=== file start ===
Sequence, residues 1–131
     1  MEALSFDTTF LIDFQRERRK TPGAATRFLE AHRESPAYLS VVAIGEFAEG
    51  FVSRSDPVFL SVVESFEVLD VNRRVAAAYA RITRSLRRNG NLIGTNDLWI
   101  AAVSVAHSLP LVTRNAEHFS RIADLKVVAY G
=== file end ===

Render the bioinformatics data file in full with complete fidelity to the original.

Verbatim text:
Sequence, residues 1–131
     1  MEALSFDTTF LIDFQRERRK TPGAATRFLE AHRESPAYLS VVAIGEFAEG
    51  FVSRSDPVFL SVVESFEVLD VNRRVAAAYA RITRSLRRNG NLIGTNDLWI
   101  AAVSVAHSLP LVTRNAEHFS RIADLKVVAY G